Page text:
|Ancient Foods Help Immune System|
If you haven't added fermented foods to your diet-take time to learn about their amazing ability to improve your digestive system. Because 80% of your immune system starts in your gut, it is an effective way to keep your immune system optimally functioning.
Probiotics, especially in yogurt and kefir, have become popular in advertising media....but most of those will actually have limited amounts of good bacteria because they have been processed and pasteurized. Use them when you are traveling or you are in between your own potent homemade supply.
You will discover just like generations before us, that fermented foods are very easy to make and use. Of course, wine has a history over 8000 years old, while fermented bread was used in Egypt (the soldiers were paid in bread) and fermented milk surfaced in Babylon. Today, you have probably heard about kimchee, natto, and soy sauce from the Japanese. Kumis (fermented mare milk), kefir, and shubat (fermented camel milk) came from Central Asia. The Masai of Africa have several types of fermented milk and clotted steer's blood. India and the Middle East produced yogurt, and pickled vegetables, while Central Europe contributed sauerkraut, cream fraiche and rakfisk (salted, fermented trout). My personal favorite is fermented chocolate from Central America, a drink reserved for royalty who perpetuated the legend that it brought them closer to the gods. Kombucha is another fermented food available in many flavors.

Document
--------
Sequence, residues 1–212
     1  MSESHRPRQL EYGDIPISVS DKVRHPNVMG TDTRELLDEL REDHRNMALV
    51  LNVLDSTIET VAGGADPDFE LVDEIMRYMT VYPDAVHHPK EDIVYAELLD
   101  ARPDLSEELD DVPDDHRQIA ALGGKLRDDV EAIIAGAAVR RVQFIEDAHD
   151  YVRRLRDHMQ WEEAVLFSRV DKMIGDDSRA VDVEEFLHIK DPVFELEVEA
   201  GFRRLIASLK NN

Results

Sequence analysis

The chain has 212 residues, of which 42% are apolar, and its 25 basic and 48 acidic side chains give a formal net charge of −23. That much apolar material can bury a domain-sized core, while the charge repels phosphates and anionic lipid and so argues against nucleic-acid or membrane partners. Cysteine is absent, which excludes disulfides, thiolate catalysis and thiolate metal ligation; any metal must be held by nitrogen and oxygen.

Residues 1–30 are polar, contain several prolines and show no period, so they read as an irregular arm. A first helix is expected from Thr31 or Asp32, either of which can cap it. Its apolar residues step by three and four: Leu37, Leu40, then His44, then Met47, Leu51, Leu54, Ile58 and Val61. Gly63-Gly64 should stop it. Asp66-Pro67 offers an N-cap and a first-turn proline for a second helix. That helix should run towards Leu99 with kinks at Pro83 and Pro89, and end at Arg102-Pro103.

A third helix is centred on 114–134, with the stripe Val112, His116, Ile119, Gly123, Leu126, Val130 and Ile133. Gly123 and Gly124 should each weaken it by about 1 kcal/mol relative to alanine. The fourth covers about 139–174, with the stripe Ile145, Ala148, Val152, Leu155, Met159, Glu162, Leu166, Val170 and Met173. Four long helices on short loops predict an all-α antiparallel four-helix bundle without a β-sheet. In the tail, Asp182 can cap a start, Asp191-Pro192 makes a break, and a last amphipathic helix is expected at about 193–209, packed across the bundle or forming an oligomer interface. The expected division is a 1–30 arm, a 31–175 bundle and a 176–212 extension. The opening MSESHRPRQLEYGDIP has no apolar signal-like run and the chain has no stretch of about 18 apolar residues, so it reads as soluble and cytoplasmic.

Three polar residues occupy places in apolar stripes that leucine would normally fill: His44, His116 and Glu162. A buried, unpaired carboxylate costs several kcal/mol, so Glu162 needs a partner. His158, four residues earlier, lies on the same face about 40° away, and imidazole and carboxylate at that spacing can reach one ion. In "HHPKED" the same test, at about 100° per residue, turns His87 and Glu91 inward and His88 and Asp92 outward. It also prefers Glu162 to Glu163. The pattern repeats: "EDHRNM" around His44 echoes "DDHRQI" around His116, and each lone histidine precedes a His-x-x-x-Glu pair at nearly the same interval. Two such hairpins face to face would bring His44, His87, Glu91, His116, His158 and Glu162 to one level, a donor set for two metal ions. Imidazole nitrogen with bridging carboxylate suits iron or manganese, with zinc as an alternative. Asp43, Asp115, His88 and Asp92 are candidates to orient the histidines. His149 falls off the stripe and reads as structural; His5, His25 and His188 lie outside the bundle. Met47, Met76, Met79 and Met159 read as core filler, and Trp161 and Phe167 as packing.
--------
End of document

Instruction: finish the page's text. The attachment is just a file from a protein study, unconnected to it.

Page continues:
The easiest recipes to make yourself start with cabbage or cucumbers-they have natural bacteria for the fermentation process. The process of lactic acid fermentation used to transform salt and cabbage into sauerkraut increases vitamin C by around 20%. It also improves B vitamins, and food enzymes. The beneficial bacteria help to repopulate a toxic gut, train the immune system and manufacture vitamins in the digestive tract.
Other recipes entail a little more preparation or purchasing a started culture. Many recipes are online for perpetual fermented vegetables...a dish you keep adding vegetables to. Here is a beginning recipe. Hopefully you will want to try fermented juices, vegetable mixes and dairy.
Easy Fermented Sauerkraut
1 head cabbage-finely sliced
1 tablespoon unrefined sea salt
- Toss cabbage and salt together in a large mixing bowl and begin to squeeze the cabbage and salt together with your hands, kneading it thoroughly to break up the cellular structure of the shredded cabbage.
- When the cabbage has become limp and released its juice, transfer it to a sauerkraut crock or vegetable fermenter. Pack the salted cabbage into the crock or fermenter as tightly as you can, eliminating air bubbles. Place a ceramic plate or lid on top of the mixture as needed to weigh the cabbage down and prevent exposure to air that can cause contamination.
- Cover loosely and allow it to sit at room temperature, undisturbed, for at least seven days and up to three or four weeks, testing the sauerkraut every few days until it is done to your liking. Transfer to the refrigerator or other cold storage where it should keep for at least six months.
TIME: 20 minutes (active), 1 to 4 weeks (fermentation) | YIELD: about 1 quarts